It has not been thoroughly stated why this step by the CBN, an autonomous organization, will be advantageous to Nigeria or its economy; some have even criticized the notion as a poor choice of priority, arguing that Nigeria has more pressing Economical issues than the introduction of a new currency.
Several individuals have proposed analogies that appear to be valid. Some say that the CBN’s action will reveal corruption, requiring unscrupulous persons to explain how they obtained so much cash while depositing at the bank to acquire more money or exchanging it for real currencies. Others contend that it will assist the government in limiting the financing of terrorists and bandits who hold on to old cash. These comparisons are not implausible, and I would not expect the CBN to be completely forthcoming about the motivations for such a bold step.
After carefully examining several comparisons and conducting research on what would be the motive for such a daring step, I concluded that it is a move aimed to restrict money supply and combat corruption at the same time, and that it is merely the tip of the iceberg for future movements. Why would I say this? Follow along as I describe how this occurs.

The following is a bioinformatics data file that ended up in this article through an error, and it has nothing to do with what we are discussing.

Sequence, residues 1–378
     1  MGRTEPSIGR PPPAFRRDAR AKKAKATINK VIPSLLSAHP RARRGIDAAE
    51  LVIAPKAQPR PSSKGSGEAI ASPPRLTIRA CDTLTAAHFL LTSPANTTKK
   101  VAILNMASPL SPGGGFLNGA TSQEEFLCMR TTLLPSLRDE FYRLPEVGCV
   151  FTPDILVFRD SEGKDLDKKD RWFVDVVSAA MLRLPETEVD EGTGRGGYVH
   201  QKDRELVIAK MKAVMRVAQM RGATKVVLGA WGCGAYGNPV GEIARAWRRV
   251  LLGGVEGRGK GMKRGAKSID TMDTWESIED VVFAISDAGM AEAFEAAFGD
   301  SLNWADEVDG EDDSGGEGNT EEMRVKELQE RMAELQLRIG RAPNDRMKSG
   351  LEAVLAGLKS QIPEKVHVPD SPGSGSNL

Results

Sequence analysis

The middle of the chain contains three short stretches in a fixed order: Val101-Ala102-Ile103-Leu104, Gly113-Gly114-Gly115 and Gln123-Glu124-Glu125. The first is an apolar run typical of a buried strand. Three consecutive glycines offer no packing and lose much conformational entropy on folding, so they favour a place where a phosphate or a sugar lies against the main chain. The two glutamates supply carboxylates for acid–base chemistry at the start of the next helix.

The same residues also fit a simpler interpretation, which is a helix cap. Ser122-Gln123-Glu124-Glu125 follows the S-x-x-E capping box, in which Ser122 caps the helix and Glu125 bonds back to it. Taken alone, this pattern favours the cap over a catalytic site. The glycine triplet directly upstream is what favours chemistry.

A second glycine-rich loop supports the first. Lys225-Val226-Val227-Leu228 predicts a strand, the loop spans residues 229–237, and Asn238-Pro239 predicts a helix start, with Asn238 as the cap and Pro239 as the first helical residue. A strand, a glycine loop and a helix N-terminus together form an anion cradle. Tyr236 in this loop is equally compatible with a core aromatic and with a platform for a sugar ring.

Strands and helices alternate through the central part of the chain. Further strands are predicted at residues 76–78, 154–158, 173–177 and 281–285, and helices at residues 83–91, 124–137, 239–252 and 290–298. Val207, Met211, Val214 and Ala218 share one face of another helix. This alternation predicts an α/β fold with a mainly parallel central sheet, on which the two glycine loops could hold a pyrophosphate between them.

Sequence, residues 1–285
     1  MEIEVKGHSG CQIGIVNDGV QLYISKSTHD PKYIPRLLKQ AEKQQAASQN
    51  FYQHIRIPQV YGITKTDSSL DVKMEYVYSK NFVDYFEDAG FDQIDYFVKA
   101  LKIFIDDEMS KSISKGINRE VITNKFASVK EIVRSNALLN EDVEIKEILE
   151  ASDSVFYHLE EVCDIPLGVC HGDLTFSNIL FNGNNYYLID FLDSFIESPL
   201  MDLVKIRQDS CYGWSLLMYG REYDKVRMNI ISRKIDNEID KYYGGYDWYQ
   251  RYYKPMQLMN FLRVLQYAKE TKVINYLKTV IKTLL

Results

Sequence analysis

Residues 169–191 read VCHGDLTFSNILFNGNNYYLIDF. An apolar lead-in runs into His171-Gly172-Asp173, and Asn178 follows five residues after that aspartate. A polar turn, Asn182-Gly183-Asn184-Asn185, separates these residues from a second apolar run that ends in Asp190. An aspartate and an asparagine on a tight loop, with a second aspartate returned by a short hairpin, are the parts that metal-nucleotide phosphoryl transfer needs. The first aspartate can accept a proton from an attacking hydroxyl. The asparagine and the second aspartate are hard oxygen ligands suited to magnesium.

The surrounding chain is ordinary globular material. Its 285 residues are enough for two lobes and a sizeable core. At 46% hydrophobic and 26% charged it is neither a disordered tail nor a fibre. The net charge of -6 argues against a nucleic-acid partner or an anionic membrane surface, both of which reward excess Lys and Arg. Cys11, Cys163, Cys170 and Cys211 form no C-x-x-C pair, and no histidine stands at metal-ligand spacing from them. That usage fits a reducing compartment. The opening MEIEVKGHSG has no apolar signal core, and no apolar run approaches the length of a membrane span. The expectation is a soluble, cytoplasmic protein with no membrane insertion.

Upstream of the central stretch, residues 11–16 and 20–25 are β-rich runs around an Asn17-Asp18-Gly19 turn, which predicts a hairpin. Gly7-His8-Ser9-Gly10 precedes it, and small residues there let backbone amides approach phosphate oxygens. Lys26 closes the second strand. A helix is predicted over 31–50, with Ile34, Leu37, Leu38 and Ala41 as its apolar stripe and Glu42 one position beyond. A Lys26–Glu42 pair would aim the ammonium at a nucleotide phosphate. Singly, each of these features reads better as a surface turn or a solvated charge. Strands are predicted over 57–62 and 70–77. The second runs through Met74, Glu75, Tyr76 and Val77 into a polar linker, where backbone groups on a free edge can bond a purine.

The Contractionary Monetary Policy is a macroeconomic instrument used by the Central Bank to battle growing inflation. Its purpose is to slow the economy by reducing the money supply, often known as limiting the amount of currency in circulation.
Inflation is defined as the rise in prices of goods and services in an economy, where, as the general price level rises, each unit of money buys fewer goods and services, hence decreasing the Purchasing Power of Money (currency). For example, if the inflation rate for Year (X) was 12.4% and it rises to 13.7% in Year (Y), the following year, particularly if it occurs on all products, this indicates a 1.3% increase on each unit of a good or service during the entire year.
The continuous neglect of inflation can cause a country to enter a recession (temporary decline in trade and industrial activity leading to a decline in the GDP of a country over two consecutive quarters), there is also a chance of an inflation in recession which is known as Stagflation, so as not to bore you with all this babbles and save the CBN the trouble of getting the country’s economy out of the mess, they find a way to implement policies like the Contractionary monetary policy.
To accomplish this, the CBN must:
To do this, the CBN must:
1) Increase the interest rate charged by banks on consumer loans.
2) Increase Reserve Requirements/Ratio of Reserves.
3) The CBN should raise the discount rate for commercial banks.
In conclusion, it is reasonable to state that the CBN’s plan to switch to new notes is both helpful and timely for the economy of this country, especially given the upcoming elections. We will experience a massive influx of cash into the economy over the next few months, which will have a negative impact on the value of the naira on the Exchange Rate Market, as we are currently observing. However, if the government refrains from interfering, the situation will improve.